Rupee to continue losses against US dollar in coming week

Rupee to continue losses against US dollar in coming week

طوبیٰ Tooba 8 months ago 0 3


$100 bills being counted in machine in this undated picture. — AFP/File
$100 bills being counted in machine in this undated picture. — AFP/File
  • In last 5 interbank market sessions, rupee lost 1.19% against US dollar.
  • Market expects rupee recovery once IMF gives Pakistan a clean chit.
  • Rupee/dollar parity gets volatile during IMF’s Pakistan visit.

KARACHI: The rupee is expected to continue its losses against the US dollar in the coming week, as high demand for the greenback from importers outweighs the supply from exporters, reported The News citing analysts.

The publication believes that the International Monetary Fund’s (IMF) review mission to Pakistan will also make the rupee lose ground as the local currency becomes volatile during such visits.

To review Pakistan’s $3 billion loan programme, the IMF delegation has begun talks with the country’s authorities. Review negotiations are set to conclude on November 15 after 14 days.

Successful talks will help Pakistan receive a second loan tranche of around $700 million from the global lender. Under the standby arrangement, Pakistan received $1.2 billion from the IMF as the first tranche in July.

During the outgoing week’s five sessions in the interbank market, the rupee lost 1.19%, or Rs3.36, against the US dollar. On Monday, the rupee closed at 280.95 against the dollar and on Friday, it ended up at 284.31.

“We expect that the rupee will be under pressure for the remainder of next week owing to the diminished availability of dollars brought on by import payments. Dollar inflows from exporters did, however, slow significantly,” said a currency dealer.

Tresmark noted that proceeds from exports have slowed down as a substantial export amount is being adjusted against export forwards done earlier ever since the crackdown on the forex market was launched.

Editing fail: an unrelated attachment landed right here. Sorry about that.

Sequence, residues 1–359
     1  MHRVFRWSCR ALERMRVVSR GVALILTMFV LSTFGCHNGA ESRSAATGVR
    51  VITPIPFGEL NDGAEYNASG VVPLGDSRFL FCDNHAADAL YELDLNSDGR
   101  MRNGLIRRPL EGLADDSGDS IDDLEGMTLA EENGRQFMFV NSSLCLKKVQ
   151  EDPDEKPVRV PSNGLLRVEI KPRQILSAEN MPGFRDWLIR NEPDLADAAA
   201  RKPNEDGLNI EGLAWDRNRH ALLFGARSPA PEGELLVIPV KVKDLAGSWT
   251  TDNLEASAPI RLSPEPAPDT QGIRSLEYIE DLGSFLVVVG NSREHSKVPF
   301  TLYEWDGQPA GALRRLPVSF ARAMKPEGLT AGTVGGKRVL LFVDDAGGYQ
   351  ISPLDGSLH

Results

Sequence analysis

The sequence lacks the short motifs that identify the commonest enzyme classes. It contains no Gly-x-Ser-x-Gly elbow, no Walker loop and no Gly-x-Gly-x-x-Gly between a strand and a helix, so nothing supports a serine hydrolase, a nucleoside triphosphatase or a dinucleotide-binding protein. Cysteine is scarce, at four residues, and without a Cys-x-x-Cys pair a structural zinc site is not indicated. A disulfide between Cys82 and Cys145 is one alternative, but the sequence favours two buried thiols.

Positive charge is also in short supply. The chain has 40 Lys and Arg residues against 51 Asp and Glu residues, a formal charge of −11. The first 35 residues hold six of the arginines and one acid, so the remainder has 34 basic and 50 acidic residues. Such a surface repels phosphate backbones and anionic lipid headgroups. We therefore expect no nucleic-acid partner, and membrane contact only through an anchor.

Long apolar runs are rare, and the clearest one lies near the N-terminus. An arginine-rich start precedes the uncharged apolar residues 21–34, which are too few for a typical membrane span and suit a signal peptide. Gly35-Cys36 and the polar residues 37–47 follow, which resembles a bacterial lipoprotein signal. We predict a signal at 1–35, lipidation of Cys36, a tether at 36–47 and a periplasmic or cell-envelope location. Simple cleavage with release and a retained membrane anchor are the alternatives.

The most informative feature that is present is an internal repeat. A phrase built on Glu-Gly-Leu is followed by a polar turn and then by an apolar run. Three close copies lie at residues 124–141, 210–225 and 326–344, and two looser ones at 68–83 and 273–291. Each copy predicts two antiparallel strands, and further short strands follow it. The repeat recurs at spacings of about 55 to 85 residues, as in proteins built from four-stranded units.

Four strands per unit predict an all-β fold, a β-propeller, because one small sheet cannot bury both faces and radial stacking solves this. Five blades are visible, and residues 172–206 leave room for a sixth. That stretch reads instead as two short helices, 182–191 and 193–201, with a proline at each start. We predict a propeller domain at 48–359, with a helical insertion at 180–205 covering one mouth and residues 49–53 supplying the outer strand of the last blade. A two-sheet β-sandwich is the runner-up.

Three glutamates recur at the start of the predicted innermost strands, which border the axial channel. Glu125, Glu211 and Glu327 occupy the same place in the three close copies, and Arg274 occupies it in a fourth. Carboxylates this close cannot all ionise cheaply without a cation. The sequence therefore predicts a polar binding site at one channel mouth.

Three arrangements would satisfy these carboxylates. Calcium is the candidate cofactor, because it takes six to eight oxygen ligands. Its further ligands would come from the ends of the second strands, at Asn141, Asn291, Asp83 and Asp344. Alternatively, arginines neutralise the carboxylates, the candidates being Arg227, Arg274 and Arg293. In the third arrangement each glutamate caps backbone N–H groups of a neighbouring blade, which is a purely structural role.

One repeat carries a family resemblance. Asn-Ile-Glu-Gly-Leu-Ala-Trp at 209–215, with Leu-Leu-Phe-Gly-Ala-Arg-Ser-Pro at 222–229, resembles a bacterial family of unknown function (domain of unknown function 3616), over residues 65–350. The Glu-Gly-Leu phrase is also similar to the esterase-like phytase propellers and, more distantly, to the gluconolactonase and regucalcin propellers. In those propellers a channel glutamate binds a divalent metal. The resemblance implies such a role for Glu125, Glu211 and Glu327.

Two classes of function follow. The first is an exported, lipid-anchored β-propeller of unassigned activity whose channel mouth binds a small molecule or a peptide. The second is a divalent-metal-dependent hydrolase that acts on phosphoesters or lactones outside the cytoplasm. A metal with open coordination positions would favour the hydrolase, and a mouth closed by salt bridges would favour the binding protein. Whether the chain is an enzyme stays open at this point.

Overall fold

Typically, the rupee/dollar parity also gets volatile when IMF is visiting and this time round, it would seem that the banks were not allowed to fund their nostros through buy-sell swaps either, resulting in forward premiums coming up and importers paying a wider spread to process their payments amidst a dearth of dollar liquidity, it said.

Forward premiums for 1, 2, and 3 months were last traded at 200, 300, and 600 paisa (significantly up from last week at 0, 0, and 90 paisa), it added. 

“The rupee looks to consolidate at 285 for the coming week, with an occasional spike to 288/$, and with the market expecting it to recover once the IMF gives Pakistan a clean chit,” it said.

Tresmark notes that there have been some encouraging developments that may perhaps hint at the interest rates and the rupee’s future course.

Exports in October clocked in $2.7 billion, which is the highest for this year. At the same time, consumer price index inflation (CPI) receded materially from 31.4% to 26.9%, which must be a very encouraging sign for policymakers who held off the temptation to raise interest rates on multiple occasions, which achieved a stronger rupee against market expectations.

The fall in CPI expedited a fall in the Karachi interbank offered rate which has come down from its peak of 24.46 percent on September 13 to 21.68 percent as of November 3, with the market accepting that interest rates have peaked in the short to medium-term, according to Tresmark.

“This development has not been lost on the equity markets, in which the KSE Index raced to an all-time high of over 53k,” it said. 

“Equity traders didn’t only take heart from the developing interest rate scenario, but were also buoyed by a good first meeting of IMF with key government stakeholders and the announcement of election dates. They are now looking for some resolution on circular debt which has severely constrained many a profitable company in the index.”


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